Talk about a car that comes with a story, the Pick of the Day is a 1951 Bentley Cresta, a historically significant and rare vehicle that has had only two owners since its multi-national production.
The car is being advertised on ClassicCars.com by a dealer in St. Louis that shares the various facets of the car’s story:
“As Europe resumed business in the wake of World War II, France was understandably reluctant to trade with its former enemies,” the dealer reports. “This fact was none-more true than in the traditionally proud French motor industry, who shut out any vehicles of German or Italian origin from the prestigious Paris Salon in 1946.
“The ban was particularly painful for Italian Carrozzeria desperate for business during reconstruction. Battista ‘Pinin’ Farina wasn’t about to take such a prohibition laying down and cheekily drove to the auto show, parking his dramatically styled Alfa Romeo and Lancia right outside the Grand Palais, just out of the jurisdiction of the event organizers. While the stunt garnered public attention, it also enraged motor show officials, all but guaranteeing the famous coachbuilder was branded persona non grata the following year.
“But Jean Daninos, the boss of the French industrial firm Facel-Metallon, was not bothered by such politics. As an avid petrol head with a taste for exclusive motorcars, he saw a business opportunity and a way to help Pinin Farina boost his business after a devastating workshop fire.
“Daninos, Farina, and Walter Sleator (head of Parisian Bentley distributor Franco-Britannic Automobiles) converged to develop an exclusive new motorcar based on the (Bentley) Mk VI. With its Pininfarina-designed and Facel-built coachwork, the new Cresta (was) the first true sporting Bentley of the post-war era.”
The dealer notes that Cresta historian Dominique Bel, who is working on a book to be titled Cresta, Les Belles Oubliees, shared his research on the model’s history.
Thus we learn that the first two or perhaps three Crestas were built in Italy by Pininfarina, and they were distinguished from those that followed by having a more prominent, wide-mouth grille.
Speaking of those that followed, total production at Farina and Facel were just 12 or 13 vehicles, though the dealer notes “the car’s influence outweighs its minuscule production.”
“The remaining bodies came via Facel’s coachworks, and at the behest of Crewe (Bentley’s home base in England), featured a more traditional and recognizable Bentley grille shape, cleanly integrated into the body,” the dealer notes, adding that “Bentley kept a close eye on the project, and it foreshadowed the works-backed Mulliner fastback that followed a few years later.
“For their part, Bentley offered bare chassis with a lower-rake steering column and other minor accommodations for this semi-official project. Between 1948 and 1952,”
The car on offer is chassis B167JN, the final first-series example and a car that has had only two owners since new. It’s also a car that has never been restored.
“It is offered to the public for only the first time in over 20 years and only the second time in 70 years,” the dealer reports.
According to research by Bel, the car originally was owned by Swiss businessman Francois Lugeon, who also served as a diplomat. Lugeon had inquired about a new Bentley Mk VI in 1949 and ordered the Cresta after seeing one at the Paris Salon.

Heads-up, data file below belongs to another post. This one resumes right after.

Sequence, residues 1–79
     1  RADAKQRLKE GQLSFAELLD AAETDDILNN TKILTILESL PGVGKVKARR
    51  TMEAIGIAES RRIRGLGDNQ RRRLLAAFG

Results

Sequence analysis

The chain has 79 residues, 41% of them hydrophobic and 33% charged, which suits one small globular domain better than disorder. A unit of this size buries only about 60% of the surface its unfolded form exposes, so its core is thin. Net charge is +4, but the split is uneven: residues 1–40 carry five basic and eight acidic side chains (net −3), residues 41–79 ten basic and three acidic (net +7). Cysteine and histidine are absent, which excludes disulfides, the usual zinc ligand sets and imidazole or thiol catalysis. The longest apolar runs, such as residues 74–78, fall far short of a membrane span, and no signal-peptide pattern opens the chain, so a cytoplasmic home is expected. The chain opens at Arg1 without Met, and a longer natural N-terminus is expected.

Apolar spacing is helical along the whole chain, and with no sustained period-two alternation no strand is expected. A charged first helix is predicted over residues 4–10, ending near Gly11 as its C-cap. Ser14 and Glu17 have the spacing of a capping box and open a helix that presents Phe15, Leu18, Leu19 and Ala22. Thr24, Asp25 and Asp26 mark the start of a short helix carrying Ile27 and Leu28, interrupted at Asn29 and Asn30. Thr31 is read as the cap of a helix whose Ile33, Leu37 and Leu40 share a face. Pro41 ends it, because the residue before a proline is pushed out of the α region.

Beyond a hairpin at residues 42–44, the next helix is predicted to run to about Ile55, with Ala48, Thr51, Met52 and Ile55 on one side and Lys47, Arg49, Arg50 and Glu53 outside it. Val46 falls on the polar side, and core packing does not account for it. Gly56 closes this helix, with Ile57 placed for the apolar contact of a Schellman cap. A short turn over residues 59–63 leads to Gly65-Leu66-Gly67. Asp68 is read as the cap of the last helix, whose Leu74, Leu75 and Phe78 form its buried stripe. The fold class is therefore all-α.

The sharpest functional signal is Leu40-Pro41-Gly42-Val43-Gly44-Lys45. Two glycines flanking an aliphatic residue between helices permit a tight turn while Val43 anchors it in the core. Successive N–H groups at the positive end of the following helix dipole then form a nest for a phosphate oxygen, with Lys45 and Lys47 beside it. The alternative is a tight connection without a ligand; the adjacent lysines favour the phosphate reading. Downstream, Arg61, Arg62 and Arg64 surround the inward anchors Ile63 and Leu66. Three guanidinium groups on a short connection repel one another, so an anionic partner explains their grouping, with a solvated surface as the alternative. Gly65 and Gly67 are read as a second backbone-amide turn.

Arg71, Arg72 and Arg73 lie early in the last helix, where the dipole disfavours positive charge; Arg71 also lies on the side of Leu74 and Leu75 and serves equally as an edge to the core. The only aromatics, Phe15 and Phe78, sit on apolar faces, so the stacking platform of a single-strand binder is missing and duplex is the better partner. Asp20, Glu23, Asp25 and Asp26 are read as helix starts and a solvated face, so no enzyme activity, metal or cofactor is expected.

He took delivery of his in November 1950, gaining a 10 percent price reduction on the chassis because of his diplomatic status, “though a request for the same deal on the coachwork was met with polite pushback from the Facel agency,” the dealer reports.
Lugeon also went to Italy to see how his car was coming along, “only to be directed back to Paris!”
But he must have been pleased with the results.
“He drove and maintained the Bentley until he died in 2001, when it passed to its second, and only other owner,” the dealer says, noting that the car “has aged gracefully, with an appropriately rich patina that is like a badge of honor.
“The paint and bodywork show their age yet remain attractive, and the body fittings are undisturbed, including the faired-in driving lamps, Marchal headlamps, proper Facel-Farina cloisonne badges, and original CC registration tag, denoting Mr. Lugeon’s diplomatic status.
“Pulling the signature flush-mounted Pininfarina door handles reveals the beautifully preserved original upholstery. The driver’s seat shows considerable cracking yet is not beyond the realm of careful preservation, while the intricate door panels and rear seats are in fine order.
“Carpets and fixtures remain intact, and the wood fascia and simulated woodgrain door caps show appropriate levels of wear. The original instruments and radio are in place, and the boot houses the original 3-piece fitted luggage – believed by Dr. Bel to be the only set extant.
“The original, numbers-matching engine runs beautifully, sending power through a four-speed manual gearbox with Bentley’s delightfully mechanical gated floor shifter. The car drives remarkably well, and while the previous owner did use it on the occasional tour, it has been some time since it was last driven extensively, and would benefit from a thorough going-through to prepare it for road use.
“Since joining the most recent owner’s collection in 2001, the Cresta has made occasional outings — including the exclusive, invitation-only Jewel That Is Europe rally in 2008 and the Amelia Island Concours d’Elegance in 2010. It is an obvious candidate for preservation class honors at virtually any significant concours event, yet could also serve as a marvelous basis to restore to its original splendor.”
The car is being offered for $425,000. To view this listing, see Pick of the Day.
The post Pick of the Day: Rare 1951 Bentley Cresta has rich history appeared first on ClassicCars.com Journal.